At the same time, it’s important to remember what labor activist Ai-jen Poo recently wrote about all care workers, including child-care workers: “How we take care of them now is one of the most important steps we can take to take care of us all.” Long-term investment in child care and better pay and benefits for child-care workers, actions which the majority of Americans support, would help build a more inclusive economy. As it is, lack of access to child care prevents many Americans from achieving their full economic potential: Working families without affordable child care lose an estimated $28.9 billion in wages each year. With better access, more parents would be able to find and maintain the employment they need to support their families. Publicly-funded child care can have an enormous impact on women’s earning potential in particular. When D.C. invested in universal pre-K, women’s participation in the city’s workforce rose by 10 percent. That’s good news for everyone: When women join the labor force, wages rise and economies grow.

Here’s the bottom line: Investment in child care can’t wait until after there’s a vaccine. Joe Biden, the presumptive Democratic presidential nominee and former vice president, is expected to release a child-care plan in the coming days. When launching his economic recovery plan earlier this month, Biden spoke about making child care more affordable and treating child-care workers with dignity. That’s a good start. But as details emerge, there is no shortage of advocates who will push for change if his plan falls short of what’s really needed.

Biden has talked about his vision to “build back better.” Without child care, the American economy would be hard-pressed to build back at all. As Sens. Elizabeth Warren (D-Mass.) and Tina Smith (D-Minn.) said in April, “We will not be able to rebuild our economy if this country’s child care system has collapsed beneath the economic burden of this pandemic.”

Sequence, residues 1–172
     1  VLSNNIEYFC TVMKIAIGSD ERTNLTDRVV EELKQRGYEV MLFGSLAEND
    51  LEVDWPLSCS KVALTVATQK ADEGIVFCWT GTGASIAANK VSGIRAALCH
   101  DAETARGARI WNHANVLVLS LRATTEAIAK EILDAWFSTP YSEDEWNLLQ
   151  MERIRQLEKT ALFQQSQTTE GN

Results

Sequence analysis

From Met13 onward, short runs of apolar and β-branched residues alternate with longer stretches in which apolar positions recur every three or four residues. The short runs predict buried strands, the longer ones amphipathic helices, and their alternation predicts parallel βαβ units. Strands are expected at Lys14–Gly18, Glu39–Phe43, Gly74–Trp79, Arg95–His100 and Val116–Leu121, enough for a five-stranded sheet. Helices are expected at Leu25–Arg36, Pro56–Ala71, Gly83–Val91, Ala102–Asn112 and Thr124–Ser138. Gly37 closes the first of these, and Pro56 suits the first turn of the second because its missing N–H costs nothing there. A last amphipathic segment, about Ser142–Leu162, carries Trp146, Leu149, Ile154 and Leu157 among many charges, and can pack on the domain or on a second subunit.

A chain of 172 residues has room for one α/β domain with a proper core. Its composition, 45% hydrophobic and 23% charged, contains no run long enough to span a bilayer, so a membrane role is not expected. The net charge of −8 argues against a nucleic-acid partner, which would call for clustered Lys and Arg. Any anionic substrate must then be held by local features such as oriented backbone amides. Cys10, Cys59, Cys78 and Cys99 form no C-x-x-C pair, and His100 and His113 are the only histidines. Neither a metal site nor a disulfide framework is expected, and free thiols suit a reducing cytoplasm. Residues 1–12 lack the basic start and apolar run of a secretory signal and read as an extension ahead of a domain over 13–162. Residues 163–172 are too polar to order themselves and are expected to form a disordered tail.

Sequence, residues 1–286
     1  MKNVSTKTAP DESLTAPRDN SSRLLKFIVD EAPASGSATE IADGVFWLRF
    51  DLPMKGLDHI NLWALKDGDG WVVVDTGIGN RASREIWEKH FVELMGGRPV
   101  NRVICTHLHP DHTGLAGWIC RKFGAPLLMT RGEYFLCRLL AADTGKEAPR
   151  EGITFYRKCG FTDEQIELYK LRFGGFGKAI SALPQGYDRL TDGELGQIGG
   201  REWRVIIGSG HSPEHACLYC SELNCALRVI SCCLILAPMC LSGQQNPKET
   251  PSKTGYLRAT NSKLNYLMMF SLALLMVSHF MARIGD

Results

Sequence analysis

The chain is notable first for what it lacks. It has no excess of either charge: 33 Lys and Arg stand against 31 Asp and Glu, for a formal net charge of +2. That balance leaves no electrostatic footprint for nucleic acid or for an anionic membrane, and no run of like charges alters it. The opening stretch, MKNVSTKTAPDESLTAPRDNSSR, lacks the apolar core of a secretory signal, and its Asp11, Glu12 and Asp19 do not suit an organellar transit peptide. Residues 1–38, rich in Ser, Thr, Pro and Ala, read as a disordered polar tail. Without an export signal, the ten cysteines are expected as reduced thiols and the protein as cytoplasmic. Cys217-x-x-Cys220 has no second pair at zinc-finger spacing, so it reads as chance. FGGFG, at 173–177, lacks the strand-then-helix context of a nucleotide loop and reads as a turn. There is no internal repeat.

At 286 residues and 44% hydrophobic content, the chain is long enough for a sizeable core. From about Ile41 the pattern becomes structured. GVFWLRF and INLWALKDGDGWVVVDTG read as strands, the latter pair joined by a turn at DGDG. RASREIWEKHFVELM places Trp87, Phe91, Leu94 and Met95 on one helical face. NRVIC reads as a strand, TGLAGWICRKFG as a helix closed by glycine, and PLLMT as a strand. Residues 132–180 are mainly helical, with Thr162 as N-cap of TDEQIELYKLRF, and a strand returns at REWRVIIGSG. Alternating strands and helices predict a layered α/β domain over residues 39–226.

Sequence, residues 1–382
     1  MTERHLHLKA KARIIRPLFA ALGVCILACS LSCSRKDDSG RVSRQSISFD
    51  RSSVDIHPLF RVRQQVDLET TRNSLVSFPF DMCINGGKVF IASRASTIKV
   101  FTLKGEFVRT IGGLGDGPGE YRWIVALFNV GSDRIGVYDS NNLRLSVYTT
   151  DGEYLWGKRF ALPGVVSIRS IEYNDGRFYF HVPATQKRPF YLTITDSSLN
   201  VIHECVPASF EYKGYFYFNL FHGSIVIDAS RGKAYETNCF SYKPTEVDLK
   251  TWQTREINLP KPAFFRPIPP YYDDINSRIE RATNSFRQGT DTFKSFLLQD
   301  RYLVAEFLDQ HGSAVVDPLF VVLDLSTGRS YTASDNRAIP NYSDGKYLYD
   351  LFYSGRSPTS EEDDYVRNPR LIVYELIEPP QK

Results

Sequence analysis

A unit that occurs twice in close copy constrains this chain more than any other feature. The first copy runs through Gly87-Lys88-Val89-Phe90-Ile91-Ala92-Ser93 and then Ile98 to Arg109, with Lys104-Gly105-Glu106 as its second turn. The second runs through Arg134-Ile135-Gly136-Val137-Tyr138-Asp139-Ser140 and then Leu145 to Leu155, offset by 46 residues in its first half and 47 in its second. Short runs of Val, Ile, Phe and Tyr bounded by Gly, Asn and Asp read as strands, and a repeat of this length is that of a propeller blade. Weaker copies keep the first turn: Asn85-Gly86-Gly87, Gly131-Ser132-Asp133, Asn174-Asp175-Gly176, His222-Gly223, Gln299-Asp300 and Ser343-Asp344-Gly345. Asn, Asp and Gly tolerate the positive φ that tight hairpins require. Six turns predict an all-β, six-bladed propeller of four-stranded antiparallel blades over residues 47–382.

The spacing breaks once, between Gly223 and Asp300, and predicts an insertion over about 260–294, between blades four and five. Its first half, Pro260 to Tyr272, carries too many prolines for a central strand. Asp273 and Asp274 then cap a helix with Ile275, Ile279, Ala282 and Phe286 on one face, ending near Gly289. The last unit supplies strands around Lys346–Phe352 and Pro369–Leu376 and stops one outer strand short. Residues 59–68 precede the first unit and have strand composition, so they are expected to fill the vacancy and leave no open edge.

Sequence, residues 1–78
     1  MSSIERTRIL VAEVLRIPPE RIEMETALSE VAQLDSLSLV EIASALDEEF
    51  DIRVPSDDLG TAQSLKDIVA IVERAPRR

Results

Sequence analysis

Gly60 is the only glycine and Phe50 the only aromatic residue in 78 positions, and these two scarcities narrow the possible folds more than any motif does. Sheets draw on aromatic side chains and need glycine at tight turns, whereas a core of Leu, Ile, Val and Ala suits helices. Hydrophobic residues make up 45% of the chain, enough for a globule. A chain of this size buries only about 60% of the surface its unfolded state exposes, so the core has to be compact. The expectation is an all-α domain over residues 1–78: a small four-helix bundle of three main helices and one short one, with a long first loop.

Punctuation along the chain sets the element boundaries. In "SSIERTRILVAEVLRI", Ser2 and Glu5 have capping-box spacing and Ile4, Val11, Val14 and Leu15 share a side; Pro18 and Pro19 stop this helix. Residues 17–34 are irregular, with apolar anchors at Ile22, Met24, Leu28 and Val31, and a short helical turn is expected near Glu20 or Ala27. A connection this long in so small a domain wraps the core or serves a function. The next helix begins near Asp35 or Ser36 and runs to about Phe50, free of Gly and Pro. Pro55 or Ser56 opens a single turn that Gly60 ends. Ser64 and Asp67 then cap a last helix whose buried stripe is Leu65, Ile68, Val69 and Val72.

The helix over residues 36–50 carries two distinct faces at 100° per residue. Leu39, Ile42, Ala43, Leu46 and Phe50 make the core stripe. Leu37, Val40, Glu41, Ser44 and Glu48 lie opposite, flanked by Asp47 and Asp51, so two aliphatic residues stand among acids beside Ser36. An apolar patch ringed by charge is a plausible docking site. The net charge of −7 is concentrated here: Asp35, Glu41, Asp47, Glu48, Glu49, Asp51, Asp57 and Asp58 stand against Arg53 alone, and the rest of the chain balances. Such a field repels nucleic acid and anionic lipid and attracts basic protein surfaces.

The novel coronavirus has exposed and exacerbated the child-care crisis. May it also compel our elected officials to act and soon — if not for working parents, then for our economy.

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Coronavirus: What you need to know

Vaccines: The CDC recommends that everyone age 5 and older get an updated covid booster shot. New federal data shows adults who received the updated shots cut their risk of being hospitalized with covid-19 by 50 percent. Here’s guidance on when you should get the omicron booster and how vaccine efficacy could be affected by your prior infections.

New covid variant: The XBB.1.5 variant is a highly transmissible descendant of omicron that is now estimated to cause about half of new infections in the country. We answered some frequently asked questions about the bivalent booster shots.

Guidance: CDC guidelines have been confusing — if you get covid, here’s how to tell when you’re no longer contagious. We’ve also created a guide to help you decide when to keep wearing face coverings.

Where do things stand? See the latest coronavirus numbers in the U.S. and across the world. In the U.S., pandemic trends have shifted and now White people are more likely to die from covid than Black people. Nearly nine out of 10 covid deaths are people over the age 65.